Salma had a xylophone in the wagon with her, and every once in a while she would reach over and hit a note on the xylophone.  Relieve to see something that she liked to do, I encouraged her to keep playing.  After a little while, I had to leave and ended the visit, but I continued to think about Salma and how much she seemed to love music.  I really love music too and I realized that was something I could share with Salma; something we had in common.  So, the next day, I brought in my IPod to play music for Salma.  I played some of my favorite songs for her and she sat and listened to them.  I was kneeling by the wagon, holding the IPod in front of me choosing the songs to play.  Salma had amazing hearing, and she could hear me pressing the buttons on the IPod.  She reached out to touch what I was playing the music on.  I realized this was the way she communicated, though sound and touch.


I continued to visit Salma with my IPod, playing her songs that I thought she would enjoy.  On each visit she would reach out and touch the IPod.  Then she got braver and felt my hands holding the IPod.  After a few more visits, she skipped the IPod and started holding my hand.  When I went to leave she didn’t want to let go.  I stayed as long as I could listening to music and holding hands.  This is what our visits consisted of the rest of the time I spent with Salma.  This is how we communicated and connected through music and touch.  It was strange to me to not be able to communicate through talking, but I discovered that through touch, I connected with Salma at a level that I had never experienced before.  Then I began to appreciate and later cherish being able to sit quietly with Salma without feeling like I had to say or do anything.  I began to look forward to this time with her.


I also noticed that other people had trouble getting past Salma’s deformities.  They seemed to feel awkward and didn’t know what to do with Salma.  I remember seeing Salma’s father talking to her and trying to interact with her and she wasn’t responding.  I said to another intern, “I don’t think he knows what to do with her.”  The other intern said, “I don’t blame him.”  Salma’s father and the other intern couldn’t see past their expectations about how people should be with one another and missed the beauty and love that Salma could bring into their lives.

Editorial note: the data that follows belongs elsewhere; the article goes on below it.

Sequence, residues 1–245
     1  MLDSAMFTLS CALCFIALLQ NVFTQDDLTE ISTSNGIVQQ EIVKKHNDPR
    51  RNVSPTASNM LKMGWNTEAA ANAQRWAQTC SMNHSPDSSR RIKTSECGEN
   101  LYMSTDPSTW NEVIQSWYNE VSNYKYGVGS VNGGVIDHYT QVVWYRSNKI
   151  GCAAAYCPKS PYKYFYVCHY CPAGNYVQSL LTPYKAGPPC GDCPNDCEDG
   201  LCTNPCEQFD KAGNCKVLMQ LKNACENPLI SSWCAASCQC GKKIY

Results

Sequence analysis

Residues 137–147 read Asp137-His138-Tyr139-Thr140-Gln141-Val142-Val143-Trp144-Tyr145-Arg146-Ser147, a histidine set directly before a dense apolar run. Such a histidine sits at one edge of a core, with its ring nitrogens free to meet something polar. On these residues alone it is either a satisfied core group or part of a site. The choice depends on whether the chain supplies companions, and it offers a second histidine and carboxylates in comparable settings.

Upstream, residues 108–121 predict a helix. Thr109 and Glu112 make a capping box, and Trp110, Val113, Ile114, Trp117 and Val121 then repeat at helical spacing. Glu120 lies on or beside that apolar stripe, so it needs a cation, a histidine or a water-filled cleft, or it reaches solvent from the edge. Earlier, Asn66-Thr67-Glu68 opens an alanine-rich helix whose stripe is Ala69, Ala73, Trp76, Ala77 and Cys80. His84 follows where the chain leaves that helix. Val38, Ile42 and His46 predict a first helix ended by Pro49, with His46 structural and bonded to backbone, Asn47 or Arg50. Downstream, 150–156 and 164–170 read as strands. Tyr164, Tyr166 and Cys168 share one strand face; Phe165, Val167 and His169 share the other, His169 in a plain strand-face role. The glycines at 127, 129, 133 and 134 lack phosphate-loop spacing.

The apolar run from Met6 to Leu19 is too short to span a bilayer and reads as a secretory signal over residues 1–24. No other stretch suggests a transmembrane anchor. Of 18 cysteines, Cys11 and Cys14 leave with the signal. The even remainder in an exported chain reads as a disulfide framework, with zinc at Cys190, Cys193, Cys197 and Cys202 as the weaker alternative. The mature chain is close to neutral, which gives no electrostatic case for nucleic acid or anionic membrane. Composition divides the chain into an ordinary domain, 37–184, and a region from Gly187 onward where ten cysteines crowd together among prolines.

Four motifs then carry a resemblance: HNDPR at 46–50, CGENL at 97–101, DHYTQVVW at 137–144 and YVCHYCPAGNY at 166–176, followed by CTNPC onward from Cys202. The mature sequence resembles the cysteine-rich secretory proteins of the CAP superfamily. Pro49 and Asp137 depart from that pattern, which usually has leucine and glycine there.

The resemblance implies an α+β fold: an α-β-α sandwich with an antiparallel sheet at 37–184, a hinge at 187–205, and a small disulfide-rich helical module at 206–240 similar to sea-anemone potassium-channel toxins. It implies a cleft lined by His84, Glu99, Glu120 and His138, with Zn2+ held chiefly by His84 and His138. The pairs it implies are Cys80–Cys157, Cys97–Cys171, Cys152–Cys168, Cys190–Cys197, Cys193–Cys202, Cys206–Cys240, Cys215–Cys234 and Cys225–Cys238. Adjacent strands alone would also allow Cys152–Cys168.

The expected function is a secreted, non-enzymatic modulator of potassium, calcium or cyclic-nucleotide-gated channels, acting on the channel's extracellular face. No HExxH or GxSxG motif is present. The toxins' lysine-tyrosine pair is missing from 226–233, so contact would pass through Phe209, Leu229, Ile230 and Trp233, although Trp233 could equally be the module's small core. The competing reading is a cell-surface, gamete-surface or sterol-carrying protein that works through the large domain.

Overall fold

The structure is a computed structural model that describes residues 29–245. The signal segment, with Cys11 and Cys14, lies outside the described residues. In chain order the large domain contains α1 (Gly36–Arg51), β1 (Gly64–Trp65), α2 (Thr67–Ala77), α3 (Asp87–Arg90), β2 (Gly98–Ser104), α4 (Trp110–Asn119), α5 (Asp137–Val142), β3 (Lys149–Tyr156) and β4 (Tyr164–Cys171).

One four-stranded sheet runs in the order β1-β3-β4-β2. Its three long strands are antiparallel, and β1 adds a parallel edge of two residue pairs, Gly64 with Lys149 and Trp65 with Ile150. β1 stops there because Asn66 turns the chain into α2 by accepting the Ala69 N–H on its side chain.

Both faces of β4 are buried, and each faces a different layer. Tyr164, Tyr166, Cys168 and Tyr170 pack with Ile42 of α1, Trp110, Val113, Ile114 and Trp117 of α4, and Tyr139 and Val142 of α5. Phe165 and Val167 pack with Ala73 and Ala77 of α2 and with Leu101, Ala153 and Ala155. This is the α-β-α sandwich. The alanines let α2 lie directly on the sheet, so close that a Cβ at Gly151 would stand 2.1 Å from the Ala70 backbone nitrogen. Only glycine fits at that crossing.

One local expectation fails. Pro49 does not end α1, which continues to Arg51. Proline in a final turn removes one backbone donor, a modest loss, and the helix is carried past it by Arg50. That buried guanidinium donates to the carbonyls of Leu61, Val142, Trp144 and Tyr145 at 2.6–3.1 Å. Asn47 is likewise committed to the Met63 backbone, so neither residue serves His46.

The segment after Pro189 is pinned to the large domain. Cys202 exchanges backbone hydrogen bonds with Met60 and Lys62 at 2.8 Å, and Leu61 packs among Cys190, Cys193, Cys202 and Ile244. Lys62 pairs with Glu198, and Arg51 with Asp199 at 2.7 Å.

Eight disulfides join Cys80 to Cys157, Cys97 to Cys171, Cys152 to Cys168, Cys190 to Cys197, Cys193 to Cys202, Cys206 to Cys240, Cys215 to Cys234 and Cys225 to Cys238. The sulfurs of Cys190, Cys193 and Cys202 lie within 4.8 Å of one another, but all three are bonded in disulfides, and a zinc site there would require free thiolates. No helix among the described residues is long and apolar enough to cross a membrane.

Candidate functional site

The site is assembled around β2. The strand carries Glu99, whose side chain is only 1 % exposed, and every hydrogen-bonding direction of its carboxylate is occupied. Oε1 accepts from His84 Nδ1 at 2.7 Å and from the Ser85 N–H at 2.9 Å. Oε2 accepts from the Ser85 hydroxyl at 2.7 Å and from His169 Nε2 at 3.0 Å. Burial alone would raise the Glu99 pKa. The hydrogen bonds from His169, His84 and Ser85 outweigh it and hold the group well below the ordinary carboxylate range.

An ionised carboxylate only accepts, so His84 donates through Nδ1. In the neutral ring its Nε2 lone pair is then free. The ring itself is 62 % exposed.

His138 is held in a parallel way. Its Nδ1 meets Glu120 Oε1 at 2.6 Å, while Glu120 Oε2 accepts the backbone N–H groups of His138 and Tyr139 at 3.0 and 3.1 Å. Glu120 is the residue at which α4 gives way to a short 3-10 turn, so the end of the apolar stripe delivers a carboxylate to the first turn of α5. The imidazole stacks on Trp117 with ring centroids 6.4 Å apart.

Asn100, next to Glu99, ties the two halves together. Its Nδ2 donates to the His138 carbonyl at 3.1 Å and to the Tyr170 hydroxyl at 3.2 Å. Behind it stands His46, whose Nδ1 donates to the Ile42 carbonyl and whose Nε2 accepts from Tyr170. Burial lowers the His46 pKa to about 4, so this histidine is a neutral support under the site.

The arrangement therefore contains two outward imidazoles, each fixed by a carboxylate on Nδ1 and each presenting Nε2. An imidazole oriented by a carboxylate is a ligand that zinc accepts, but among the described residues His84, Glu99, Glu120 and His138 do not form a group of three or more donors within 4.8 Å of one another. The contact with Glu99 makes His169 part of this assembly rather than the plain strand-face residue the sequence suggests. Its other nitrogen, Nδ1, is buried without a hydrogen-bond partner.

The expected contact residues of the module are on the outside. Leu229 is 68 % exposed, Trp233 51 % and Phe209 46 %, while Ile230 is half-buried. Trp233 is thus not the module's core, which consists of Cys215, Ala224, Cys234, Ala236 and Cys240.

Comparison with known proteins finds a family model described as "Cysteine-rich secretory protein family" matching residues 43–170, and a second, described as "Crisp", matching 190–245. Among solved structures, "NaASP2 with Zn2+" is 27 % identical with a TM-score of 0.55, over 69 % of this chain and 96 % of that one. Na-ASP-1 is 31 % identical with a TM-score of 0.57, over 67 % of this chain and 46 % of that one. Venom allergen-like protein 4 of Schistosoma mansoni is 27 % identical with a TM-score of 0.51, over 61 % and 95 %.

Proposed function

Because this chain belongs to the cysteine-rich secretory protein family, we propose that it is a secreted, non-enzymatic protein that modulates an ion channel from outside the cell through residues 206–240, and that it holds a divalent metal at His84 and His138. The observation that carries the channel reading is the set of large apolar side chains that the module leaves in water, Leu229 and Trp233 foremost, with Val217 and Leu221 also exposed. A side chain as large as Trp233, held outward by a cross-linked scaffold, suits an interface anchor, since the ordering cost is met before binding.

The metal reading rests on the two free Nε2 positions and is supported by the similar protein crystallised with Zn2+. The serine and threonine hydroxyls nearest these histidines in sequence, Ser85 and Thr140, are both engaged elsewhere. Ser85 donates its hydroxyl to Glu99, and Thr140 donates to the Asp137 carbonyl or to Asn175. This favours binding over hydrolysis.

Salma went back to Qatar, where she came from.  I will never see her again, but I will never forget everything that she taught me.  Salma taught me that a beautiful person can be inside a body that is really hard to look at.  She taught me that it is possible to connect with someone if I open my mind to the possibility of what the other person has to offer, and to receive someone else’s gift of compassion in whatever form they have to give it.  She also taught me to let go of my own assumptions and when I could do that, I was able to receive God’s love and compassion through this little girl.


Jesus tells us to come to him with all the burdens, expectations and assumptions that we carry with us.  We don’t need to carry this heavy load.  All we need is to learn from Jesus, to learn what he can teach us about humility, love and compassion, and about how to be in relationship with God and with one another.  Jesus doesn’t require rules, regulations, and burdensome assumptions and obligations – things that weigh us down and make us weary.  We can let those things go.


Instead, what Jesus asks of us is much simpler and much less burdensome.  Jesus asks us to be merciful, loving and kind with everyone.  He asks us to love God with all our hearts, minds and souls and to love our neighbor as ourselves.  This is the yoke that is easy and the burden that is light.


So, I invite you to shed the burdens, expectations and assumptions that are weighing you down, and to follow Jesus in the way of love and compassion.  I ask you to think about who you have put in your “not worthy” category that could use your acceptance, love and compassion.  Jesus said that it is easy to show love toward those who we already love.  God will show us how to love those who seem unlovable.